And to top it off, the entire harbor front provides a stunning, elevated view over the harbor and the “Three Cities” that lie on the other side (discussed in a forthcoming blog)
Valletta is laid out in a grid of one-way streets and alleyways lined with three-to-five story limestone buildings, many of which are graced with balconies. Many of these are framed in wood, have windows and serve as extensions to rooms. Some are brightly painted in ways that liven up the street and others are distinguished with ornately carved support structures. Other buildings make statements with wither front doors, as with huge, round, door handles ands ornate knockers.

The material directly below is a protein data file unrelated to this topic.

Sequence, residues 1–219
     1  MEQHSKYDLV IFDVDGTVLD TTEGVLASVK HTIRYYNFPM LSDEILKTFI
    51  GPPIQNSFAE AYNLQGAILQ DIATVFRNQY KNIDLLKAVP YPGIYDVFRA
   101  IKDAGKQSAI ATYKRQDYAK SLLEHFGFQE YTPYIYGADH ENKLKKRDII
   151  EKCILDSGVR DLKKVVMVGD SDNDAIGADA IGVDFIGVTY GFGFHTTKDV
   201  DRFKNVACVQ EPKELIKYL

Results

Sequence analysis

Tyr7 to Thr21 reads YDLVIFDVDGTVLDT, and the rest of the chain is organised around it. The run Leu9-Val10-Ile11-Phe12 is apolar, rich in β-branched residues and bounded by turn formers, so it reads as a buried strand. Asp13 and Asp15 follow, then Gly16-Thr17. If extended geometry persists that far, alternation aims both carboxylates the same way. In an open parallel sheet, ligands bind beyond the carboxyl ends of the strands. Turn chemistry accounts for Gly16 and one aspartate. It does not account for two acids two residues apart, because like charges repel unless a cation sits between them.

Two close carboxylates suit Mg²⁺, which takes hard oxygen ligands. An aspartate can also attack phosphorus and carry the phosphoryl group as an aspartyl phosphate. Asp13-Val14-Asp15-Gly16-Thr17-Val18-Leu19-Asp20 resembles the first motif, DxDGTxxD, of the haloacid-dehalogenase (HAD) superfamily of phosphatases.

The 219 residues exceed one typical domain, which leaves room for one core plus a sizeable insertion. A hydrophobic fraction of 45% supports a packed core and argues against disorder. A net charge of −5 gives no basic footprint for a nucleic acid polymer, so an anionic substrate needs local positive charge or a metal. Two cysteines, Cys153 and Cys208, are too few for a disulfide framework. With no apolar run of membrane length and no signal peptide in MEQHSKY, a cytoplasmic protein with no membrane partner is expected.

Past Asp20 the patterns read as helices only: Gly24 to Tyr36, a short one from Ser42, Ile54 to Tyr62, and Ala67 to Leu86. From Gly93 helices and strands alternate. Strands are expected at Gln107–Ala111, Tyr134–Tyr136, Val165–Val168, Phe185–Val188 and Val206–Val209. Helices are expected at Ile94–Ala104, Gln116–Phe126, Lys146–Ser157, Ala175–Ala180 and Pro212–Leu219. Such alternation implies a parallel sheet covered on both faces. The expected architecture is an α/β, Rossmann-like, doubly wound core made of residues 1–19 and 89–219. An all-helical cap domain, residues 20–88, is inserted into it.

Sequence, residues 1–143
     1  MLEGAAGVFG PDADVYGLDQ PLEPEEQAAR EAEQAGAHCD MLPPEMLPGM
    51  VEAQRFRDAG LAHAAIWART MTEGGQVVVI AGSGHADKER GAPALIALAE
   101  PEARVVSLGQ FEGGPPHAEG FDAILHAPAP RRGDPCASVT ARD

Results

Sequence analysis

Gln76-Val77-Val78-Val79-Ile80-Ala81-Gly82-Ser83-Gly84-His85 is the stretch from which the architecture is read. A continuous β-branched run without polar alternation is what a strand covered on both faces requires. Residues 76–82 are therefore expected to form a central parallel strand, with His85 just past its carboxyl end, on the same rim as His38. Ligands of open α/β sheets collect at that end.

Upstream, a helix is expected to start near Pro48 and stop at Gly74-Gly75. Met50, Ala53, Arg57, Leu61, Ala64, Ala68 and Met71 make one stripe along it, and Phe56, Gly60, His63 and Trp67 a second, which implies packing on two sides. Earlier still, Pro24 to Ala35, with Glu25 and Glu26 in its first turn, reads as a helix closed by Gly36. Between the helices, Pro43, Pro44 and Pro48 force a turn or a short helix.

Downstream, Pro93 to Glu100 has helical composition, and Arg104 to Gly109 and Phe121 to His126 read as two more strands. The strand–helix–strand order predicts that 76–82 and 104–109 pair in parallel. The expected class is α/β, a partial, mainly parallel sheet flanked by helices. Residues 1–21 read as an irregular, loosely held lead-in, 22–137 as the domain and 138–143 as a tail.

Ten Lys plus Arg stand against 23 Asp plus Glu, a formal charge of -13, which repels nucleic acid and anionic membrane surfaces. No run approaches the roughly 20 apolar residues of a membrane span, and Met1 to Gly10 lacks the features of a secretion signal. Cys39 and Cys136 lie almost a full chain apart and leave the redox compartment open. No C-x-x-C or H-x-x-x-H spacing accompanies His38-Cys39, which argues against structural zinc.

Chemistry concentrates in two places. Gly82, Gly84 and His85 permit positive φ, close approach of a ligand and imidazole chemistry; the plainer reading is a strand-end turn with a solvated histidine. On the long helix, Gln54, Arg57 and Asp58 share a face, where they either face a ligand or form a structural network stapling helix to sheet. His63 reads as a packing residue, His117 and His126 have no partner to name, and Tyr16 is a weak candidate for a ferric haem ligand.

While many streets are primarily, or even exclusively residential, some have many commercial, first-floor storefronts and many restaurants take up half the street with outdoor, café seating.
Meanwhile, Via Republic, the city’s primary commercial street, is a wide pedestrian street that is almost totally devoted to stores. While it, like virtually all other streets, maintain a traditional, relatively austere Baroque appearance, there are a few exceptions. Via Republic’s Parliament Building, for example, is almost jarringly modern. So too is a block-long, largely glass-lined food court. These, however, are exceptions that tend to highlight, rather than detract from the pleasant symmetry of the city’s streetscape.